by David Mitchell
First sentence: “Beyond the Indian hamlet, upon a forlorn strand, I happened on a trail of recent footprints.”
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Content: There is some language, including strong language in some of the chapters, and some implied sex. It’s in the adult fiction section at the bookstore, and I think, while there are some kids who might like this, it’s a good place for it.
I won’t say that I had high expectations going into this. Or that I really wanted to read it. Actually, after S., I kind of didn’t want to have anything to do with adult fiction for a good long while. But, this was our book group pick, and I’m a good book group member, so I picked it up.
I’m not even going to try a plot summary; mostly because I’m not sure there is a plot. There are multiple plots. And, even though I kind of liked some of them, they’re not worth recounting. It’s because this book isn’t about plot. It’s about Style and Meaning. And it doesn’t even really pretend (unlike S.) to be anything else.
But that’s what infuriated me. Aside from the stories stopping halfway through (very annoying, that), I wanted there to be some real connection between the individual stories. (Mostly because it’s a “novel” rather than a collection of stories.) But there wasn’t. Sure, the previous story is referenced in the next as a book or a movie (Symbolizing The Interconnectedness Of Our Existence or something Deep like that), but I wanted a character to travel through time. Or it to be someone’s descendant. Or something like that. And so, I spent too much of my time trying to figure out how the stories interconnected.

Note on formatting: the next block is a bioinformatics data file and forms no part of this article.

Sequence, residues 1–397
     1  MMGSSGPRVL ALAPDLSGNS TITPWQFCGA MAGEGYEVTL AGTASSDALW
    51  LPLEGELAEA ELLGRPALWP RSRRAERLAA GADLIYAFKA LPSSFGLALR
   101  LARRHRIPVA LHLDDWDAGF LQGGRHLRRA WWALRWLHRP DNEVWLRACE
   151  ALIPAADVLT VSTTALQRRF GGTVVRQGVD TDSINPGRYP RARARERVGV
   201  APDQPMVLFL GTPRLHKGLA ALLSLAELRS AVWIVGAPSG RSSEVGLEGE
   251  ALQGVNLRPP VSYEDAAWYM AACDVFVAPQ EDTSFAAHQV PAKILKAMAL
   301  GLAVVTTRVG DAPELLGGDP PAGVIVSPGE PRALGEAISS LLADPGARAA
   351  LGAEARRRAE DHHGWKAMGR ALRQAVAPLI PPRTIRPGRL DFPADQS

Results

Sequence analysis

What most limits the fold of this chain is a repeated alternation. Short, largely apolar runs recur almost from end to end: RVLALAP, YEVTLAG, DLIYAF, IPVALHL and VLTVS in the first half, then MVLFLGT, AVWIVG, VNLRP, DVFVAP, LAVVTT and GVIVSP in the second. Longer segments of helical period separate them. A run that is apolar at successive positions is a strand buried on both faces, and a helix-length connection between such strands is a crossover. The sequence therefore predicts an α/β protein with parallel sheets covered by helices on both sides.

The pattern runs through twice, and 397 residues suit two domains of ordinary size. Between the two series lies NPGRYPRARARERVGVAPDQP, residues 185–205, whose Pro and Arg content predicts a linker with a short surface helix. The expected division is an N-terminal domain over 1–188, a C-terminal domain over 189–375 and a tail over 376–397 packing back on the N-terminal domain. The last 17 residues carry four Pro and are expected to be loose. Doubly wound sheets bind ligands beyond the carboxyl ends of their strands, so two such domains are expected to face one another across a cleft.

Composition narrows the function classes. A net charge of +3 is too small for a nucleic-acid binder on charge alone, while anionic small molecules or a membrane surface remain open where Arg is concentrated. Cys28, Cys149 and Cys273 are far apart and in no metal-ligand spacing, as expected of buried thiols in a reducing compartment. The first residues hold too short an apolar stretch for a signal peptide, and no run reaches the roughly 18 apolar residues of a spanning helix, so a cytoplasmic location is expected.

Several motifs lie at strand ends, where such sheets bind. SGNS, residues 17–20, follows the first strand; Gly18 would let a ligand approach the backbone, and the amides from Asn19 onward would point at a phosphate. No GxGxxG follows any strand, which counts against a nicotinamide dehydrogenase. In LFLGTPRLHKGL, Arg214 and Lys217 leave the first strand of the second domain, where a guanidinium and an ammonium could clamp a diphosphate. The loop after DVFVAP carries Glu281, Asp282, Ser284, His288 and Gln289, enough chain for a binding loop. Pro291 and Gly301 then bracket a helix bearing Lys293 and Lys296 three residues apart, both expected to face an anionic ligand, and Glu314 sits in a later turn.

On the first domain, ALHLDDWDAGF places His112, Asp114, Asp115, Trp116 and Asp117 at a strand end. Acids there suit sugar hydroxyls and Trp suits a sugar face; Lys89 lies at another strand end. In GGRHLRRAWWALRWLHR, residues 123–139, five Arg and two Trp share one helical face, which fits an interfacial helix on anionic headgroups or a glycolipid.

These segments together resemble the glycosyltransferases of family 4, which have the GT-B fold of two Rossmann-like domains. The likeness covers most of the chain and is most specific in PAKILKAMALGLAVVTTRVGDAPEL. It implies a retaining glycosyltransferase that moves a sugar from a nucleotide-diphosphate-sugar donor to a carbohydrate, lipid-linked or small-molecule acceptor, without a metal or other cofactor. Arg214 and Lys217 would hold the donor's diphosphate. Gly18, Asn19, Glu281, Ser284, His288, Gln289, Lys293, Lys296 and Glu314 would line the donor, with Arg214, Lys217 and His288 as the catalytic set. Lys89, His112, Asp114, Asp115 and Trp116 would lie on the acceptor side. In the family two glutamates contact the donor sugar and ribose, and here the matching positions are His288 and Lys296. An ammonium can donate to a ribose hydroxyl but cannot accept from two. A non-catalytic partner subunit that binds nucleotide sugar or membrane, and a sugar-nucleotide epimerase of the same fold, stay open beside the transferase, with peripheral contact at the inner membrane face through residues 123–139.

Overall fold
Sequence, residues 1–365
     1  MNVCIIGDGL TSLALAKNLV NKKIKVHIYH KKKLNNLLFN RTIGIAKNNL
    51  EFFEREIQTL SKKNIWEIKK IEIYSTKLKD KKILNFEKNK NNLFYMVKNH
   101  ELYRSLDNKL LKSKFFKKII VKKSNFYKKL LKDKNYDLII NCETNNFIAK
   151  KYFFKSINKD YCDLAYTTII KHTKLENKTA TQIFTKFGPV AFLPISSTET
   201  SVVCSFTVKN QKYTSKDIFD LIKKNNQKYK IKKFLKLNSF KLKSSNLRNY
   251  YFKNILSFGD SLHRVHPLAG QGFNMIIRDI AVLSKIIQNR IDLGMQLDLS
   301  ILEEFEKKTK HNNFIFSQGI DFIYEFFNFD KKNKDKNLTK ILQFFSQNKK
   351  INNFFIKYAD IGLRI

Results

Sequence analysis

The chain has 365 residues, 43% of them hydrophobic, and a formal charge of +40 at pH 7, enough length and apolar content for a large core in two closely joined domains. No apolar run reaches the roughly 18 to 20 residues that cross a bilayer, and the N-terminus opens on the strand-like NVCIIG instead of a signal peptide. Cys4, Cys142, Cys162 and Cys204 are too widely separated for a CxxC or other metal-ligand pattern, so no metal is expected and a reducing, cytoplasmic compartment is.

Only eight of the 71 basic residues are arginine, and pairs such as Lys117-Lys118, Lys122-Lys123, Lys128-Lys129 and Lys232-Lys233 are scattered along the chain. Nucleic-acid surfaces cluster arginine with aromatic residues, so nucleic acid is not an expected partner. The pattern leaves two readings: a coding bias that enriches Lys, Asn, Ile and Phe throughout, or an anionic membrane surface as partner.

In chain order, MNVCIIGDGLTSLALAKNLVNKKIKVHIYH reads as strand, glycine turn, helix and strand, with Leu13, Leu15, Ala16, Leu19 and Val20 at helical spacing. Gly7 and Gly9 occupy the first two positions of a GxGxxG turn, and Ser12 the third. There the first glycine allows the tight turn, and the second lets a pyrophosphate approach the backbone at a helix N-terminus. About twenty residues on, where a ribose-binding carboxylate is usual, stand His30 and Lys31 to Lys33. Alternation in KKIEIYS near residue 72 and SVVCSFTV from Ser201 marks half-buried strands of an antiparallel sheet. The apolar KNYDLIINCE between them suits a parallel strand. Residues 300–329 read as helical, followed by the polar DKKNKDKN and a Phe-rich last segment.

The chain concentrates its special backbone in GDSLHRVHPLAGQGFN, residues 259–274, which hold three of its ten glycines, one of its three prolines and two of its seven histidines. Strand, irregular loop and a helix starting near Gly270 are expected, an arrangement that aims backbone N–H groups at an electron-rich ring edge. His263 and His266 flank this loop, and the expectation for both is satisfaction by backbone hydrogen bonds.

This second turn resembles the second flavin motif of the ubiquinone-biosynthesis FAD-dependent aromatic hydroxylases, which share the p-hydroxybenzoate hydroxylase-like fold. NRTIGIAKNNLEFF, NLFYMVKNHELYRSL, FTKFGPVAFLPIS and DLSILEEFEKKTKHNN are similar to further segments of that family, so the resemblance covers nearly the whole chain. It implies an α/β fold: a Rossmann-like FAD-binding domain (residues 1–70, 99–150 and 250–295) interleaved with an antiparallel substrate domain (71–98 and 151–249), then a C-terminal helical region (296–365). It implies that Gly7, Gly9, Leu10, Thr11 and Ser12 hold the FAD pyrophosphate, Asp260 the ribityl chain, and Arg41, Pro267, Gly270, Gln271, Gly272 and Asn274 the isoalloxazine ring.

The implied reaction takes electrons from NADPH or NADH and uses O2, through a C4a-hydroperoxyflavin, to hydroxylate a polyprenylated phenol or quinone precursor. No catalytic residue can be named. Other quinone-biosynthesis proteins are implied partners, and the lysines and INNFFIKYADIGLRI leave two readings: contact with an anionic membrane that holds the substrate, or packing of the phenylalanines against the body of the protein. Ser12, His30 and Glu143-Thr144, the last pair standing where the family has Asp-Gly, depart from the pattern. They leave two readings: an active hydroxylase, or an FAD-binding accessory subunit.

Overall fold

Plus, I’m not a careful reader. I miss details. And if you miss details in this, you loose Meaning and Substance.
I was game to finish the book, reading it as it’s “supposed” to be read (I did, briefly, contemplate jumping and finishing each individual story before moving on.), but I bailed when I got to the “middle” story, not just because I was increasingly frustrated with the book, but because of this: “I watched the clock’s tickers that mornin’ too tll Abbess came back from her augurin’ an’ sat ‘cross from me. She telled me Old Georgie was hungerin’ for my soul, so he’d put a cuss on my dreamin’s to fog their meanin’.” I. Don’t. Like. Dialect. I find it hard enough to read in the most normal of circumstances, but to throw dialect on me, in addition to all the other frustrations, was the straw that broke the camel’s back.
I bailed. I did go and check on Wikipedia to see what I missed, and I found that (at least according to them) I didn’t miss much.
THIS is why I read kids’ books.